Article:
6 Months at Vail Systems
Cross posted on dev.to
In June of 2020, I started as a full-time Web Software Engineer at Vail Systems. Here are highlights of what I’ve learned, and what I’ll be working on going forward. The plan is to do one of these a month as quick bullet points, starting in March.
Our team of 5 made a full-stack app for translating text and generating corresponding audio. Large quantities of text are imported inside CSVs and then edited further inside the client React app. A NestJS API then resolves translations and audio generation with AWS services, stores resulting audio in S3, and maintains transaction data in a Vail MSSQL database.
- React (CRA) / Yarn
- Typescript (monorepo shared typings)
- Node / NestJS / GraphQL
- Cypress / react-testing-library
- Nock / CucumberJS
- DataGrip + KnexJS
- Jenkins + k8s
I’ve found that TDD is intimidating for some developers, especially in
client-side testing. I used to think that to do TDD, I had
to have every single assertion down ahead of time. That’s not the case. Just
make a test case with a proper title, and if you’re stuck, write out assertions
in a comment:
// when clicked, the button will turn blue
Don’t let assertions distract you from the purpose of TDD: to have a clear achievable goal while coding + making decisions. You can still fulfill that purpose without syntax perfect assertions. After writing enough tests, assertions will come more naturally.
I’ve been fortunate to start working on a product from its start and it’s taught me more than I can write here, but some days I wasted time by trying to add as many new + exciting tools as possible. After focusing on core framework functionality and less added tooling, we were able to K.I.S.S (keep it simple stupid 💋). Now, we have many more options and choices for what we’d like to add when implementing new features because we’re not limited by 1000x external dependencies. Shout-out to my team lead Nav for helping set those restraints.
Maintaining / configuring a mono repo in Jenkins with dynamic tests for linting, component + integration at both the UI and API layers, and e2e.
We implemented auth several times looking for a technology we liked. Was good to understand why auth solutions work the way they do and what they protect against (XXS, HttpOnly, Secure, Localstorage vs cookies, etc…), as opposed to just how to configure PassportJS.
It’s been good to practice:
- giving a pairing partner space to consider a problem while on a call. It’s easy to accidentally interrupt.
- Working off a shared to-do list helps keep efforts focused when new ideas pop.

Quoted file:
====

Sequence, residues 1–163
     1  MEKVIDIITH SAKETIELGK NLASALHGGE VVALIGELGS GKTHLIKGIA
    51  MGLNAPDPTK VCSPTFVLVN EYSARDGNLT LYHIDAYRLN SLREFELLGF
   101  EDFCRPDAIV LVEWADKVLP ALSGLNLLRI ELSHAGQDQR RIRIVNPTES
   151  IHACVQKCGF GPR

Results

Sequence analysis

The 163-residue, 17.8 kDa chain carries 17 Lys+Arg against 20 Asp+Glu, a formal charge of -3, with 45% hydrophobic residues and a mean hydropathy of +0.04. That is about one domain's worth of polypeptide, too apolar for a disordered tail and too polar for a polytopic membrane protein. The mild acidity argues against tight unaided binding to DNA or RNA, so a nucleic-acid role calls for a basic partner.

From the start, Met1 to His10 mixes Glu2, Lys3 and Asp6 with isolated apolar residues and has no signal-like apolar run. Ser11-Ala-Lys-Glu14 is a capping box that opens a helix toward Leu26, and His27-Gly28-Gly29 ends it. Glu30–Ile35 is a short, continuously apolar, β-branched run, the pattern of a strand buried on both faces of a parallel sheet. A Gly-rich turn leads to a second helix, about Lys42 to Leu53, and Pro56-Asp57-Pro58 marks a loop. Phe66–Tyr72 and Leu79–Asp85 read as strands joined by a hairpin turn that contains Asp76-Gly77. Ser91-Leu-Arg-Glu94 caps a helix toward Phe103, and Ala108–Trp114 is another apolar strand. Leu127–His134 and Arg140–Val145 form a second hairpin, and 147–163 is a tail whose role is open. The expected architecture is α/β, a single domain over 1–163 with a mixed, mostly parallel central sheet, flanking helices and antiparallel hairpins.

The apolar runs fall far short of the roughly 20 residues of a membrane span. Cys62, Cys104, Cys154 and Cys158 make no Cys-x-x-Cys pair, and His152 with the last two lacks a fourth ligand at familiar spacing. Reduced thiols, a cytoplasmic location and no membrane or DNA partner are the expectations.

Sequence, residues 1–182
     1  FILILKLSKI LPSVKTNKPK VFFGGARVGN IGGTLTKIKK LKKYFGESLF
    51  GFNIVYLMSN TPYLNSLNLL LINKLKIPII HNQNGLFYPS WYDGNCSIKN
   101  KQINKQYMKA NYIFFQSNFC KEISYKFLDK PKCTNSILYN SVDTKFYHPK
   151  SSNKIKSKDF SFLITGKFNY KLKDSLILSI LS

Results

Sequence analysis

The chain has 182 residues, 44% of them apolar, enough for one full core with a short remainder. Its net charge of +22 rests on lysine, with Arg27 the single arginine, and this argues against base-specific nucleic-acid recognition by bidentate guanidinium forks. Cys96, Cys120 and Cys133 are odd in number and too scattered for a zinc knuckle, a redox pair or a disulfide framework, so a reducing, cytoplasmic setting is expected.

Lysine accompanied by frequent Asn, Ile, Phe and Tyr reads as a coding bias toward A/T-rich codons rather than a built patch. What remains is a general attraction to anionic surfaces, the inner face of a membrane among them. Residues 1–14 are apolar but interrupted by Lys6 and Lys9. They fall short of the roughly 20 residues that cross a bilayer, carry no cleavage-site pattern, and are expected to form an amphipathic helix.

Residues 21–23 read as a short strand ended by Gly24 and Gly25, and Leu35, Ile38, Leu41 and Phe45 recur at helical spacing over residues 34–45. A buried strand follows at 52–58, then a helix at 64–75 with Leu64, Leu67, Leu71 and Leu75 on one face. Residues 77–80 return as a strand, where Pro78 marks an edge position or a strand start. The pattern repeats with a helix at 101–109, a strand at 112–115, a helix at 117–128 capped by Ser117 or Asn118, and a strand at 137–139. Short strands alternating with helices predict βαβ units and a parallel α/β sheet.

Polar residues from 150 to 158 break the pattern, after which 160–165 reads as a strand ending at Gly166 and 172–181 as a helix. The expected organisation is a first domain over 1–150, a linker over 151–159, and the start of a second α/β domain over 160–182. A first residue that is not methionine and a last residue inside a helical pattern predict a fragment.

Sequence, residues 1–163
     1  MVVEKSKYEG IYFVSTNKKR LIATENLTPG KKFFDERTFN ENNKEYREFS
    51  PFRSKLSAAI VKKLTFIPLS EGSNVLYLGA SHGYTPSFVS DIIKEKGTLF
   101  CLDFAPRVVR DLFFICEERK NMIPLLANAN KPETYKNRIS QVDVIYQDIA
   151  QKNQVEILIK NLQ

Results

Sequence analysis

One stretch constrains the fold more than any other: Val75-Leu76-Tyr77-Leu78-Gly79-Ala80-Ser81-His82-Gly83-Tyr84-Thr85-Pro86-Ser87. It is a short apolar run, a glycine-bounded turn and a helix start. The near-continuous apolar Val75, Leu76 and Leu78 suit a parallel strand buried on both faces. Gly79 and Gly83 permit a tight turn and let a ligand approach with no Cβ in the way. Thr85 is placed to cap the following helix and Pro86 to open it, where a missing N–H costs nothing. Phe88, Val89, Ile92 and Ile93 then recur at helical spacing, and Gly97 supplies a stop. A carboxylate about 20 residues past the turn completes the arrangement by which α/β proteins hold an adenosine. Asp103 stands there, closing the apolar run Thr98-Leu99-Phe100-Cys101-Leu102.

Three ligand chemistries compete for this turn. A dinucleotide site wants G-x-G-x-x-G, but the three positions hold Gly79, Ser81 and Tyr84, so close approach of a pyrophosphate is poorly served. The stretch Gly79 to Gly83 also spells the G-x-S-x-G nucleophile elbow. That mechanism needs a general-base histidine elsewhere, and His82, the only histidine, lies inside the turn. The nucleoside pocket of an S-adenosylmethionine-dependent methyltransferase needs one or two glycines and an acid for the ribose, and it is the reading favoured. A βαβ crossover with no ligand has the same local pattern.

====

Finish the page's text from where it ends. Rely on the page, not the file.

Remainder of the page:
- Gathering resources / searching online to help solve a problem, while someone is actively working on it.
- How to take a 30-minute mind break to prepare something for dinner, without it derailing your entire afternoon.
- Taking breaks away from screens. Video games aren’t the best break for the mind or the eyes.
- How to work async: Send updates + check in on others. Grateful that my teammates are always up for a call / question.
- Creating a work environment: Move your desk into a space dedicated for 9-5 and change the scenery every once and a while.
- Communicate with others when struggling! It’s easy to forget you’re not in it alone.
- When someone says “how do we do that again”, it feels great to fire off a document / confluence page with a breakdown + meeting summary. Meetings become 2x as valuable when an artifact exists afterward, especially in a remote setting. I’m a big fan of docs and making creating documentation part of the development process.
We don’t have metrics for many of our operations. I’d like to find ways to incorporate things like “time to interactive” and “first paint” in our test suite so that we can find regressions.
Some of our tests interact with AWS and cause conflicts when running tests on multiple branches. I’d like to work on understanding “Nock” and using it to replace AWS calls.
Areas of our app like authentication and simple things like our implementation of recaptcha would benefit strongly from a docs page. I’d like to practice writing things up on new features as they’re being implemented. Instead of trying to force myself to do them after they’ve been completed.
Often I think “oh we could improve X by doing Y” or “Hmmm X seems like it’s performing strangely”. If those ideas aren’t related to the task at hand, it’s easy for me to throw them to the wayside. I’d like to build a better habit of making actionable tickets for those thoughts, or at the bare minimum, noting them down.
- Atlassian on Remote Work research findings - link